Originally published on cbc.ca/sports

Do you watch alpine skiing? What about horse racing?

If not, what if a virtual-reality camera was attached to the ski racer or jockey’s helmet, putting you on the mountain or in the saddle of the horse you just placed a bet on — allowing you, in real-time, to experience the thrilling charge to the finish.

Would you watch then? Eye-Live Media co-founder Murray McKercher believes you would, and his company wants to deliver such an experience in a wide range of sports.

“Think goalies, catchers, anyone that can offer viewers a fixed point of view,” he says. “What better way for an athlete to create buzz than to literally put fans in their shoes?”

McKercher’s Toronto-based company is just one of several in Canada that are trying to change the way people consume sports.

This is happening at a time when sports media companies are dealing with declining viewership. People aren’t just changing channels, they’re tuning out in favour of other entertainment options.

The media research firm Kagan estimates that ESPN, for instance, is paying approximately $8 billion US this year alone for the rights to NFL, NBA, MLB and other live games. Nevertheless, the self-proclaimed “Worldwide Leader in Sports” appears to be on the decline, having lost nearly 10 per cent of its value since 2011, according to Forbes.

ESPN and other sports media companies are trying to adjust to an increasingly digitized world where highlights are instantly available on social media, furthering the push towards cord-cutting — especially among millennials, whose preference for streaming services has put a dent in TV ratings.

As a result, the search is on for ways to increase “fan engagement” — a phrase that has become a bit of buzz word, according to Mike Cotton, director of Zone Startups Sports + Media at Ryerson Futures, a startup accelerator in Toronto.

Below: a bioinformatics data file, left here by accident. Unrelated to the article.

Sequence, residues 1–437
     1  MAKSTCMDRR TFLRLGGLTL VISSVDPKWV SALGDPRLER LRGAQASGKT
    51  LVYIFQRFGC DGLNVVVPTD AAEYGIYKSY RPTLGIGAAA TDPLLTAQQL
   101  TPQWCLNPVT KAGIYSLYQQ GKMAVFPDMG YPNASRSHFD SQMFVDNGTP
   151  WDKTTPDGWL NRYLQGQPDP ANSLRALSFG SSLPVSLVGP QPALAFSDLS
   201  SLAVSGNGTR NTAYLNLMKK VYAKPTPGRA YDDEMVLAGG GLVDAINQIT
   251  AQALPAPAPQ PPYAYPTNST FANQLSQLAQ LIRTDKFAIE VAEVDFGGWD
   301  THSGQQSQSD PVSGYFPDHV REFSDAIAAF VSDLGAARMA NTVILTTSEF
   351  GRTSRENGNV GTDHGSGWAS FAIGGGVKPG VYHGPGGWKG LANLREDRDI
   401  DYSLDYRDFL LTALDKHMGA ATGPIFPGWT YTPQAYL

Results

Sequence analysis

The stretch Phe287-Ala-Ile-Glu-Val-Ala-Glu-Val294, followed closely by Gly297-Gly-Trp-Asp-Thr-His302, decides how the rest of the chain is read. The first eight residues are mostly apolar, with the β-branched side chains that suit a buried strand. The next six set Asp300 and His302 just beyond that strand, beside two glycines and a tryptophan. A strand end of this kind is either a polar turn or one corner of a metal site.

“You have to understand that sport is a very risk averse industry,” says Cotton, who looks for “mature companies that are still raw enough to mold, connecting them to leagues and teams, so that we can get them working on more targeted problems.”

A game-changer

Take Elevety, a startup that began three years ago after two friends — Bart Lipski and Sebastian Koper — grew frustrated with their inability to communicate while kite surfing.

“When you’re outside a mobile zone,” says Lipski, “Your only solutions are archaic… walkie-talkies were created in World War I and haven’t, quite frankly, been updated.

“What we’ve developed is wearable and it’s a closed system, completely independent [think Bluetooth], meaning it will work anywhere — in the middle of the ocean, on top of Mount Everest… it doesn’t matter.”

The mainstream sports world took interest, especially after the NFL invited them to compete this past January at “1st and Future,” the league’s exclusive pitch competition.

Suddenly, Elevety began to see that its idea could do more than modernize referee communication.

“Imagine if we could link the quarterback back to the offensive coordinator, or the entire offensive line to the coach,” says Lipski.

That could be a game-changer on the field, but what helped Elevety win third place in the competition was the technology’s potential to bring in viewers. Better communication between players could lead to a faster-paced, more exciting game that keeps eyeballs on the screen.

Now, imagine you’re watching hockey — say, Habs vs. Leafs — and right as your team gets a power play your phone prompts you to predict the outcome.

Or perhaps you’re watching the Olympics, and as Canada’s next medal hopeful prepares to compete, your phone chimes in with all of his or her pertinent info.

Think of it like Cineplex’s TimePlay or Nintendo Wii, says SmartTones Media president Daryl Hemingway. Except, instead of Wi-Fi, this technology uses sound (which is highly accurate through short distances and doesn’t need IP addresses, user names or passwords) to synch your smartphone to the broadcast you’re watching.

When he began, Hemingway simply wanted to find a way to help fellow documentary filmmakers generate revenue and connect with TV audiences. He didn’t realize that his invention would become an advertisers’ dream, turning your phone into an engagement device instead of a distraction.

It works, says Hemingway, because “90 per cent of people keep their phone within arms reach 24/7, allowing us to derive if a person is watching a specific program.”

So the next time you’re catching tennis, you’ll not only be able to join in, by using your phone as an imaginary racket, you’ll also be providing content creators with feedback on what engages your brain.

This actionable quality means advertisers will no longer be in a vacuum — not when every swipe and click allows them to measure, just as they can with digital ads on Google and Facebook, their return on investment.

That’s why, as Cotton puts it, sport tech is “red hot.”

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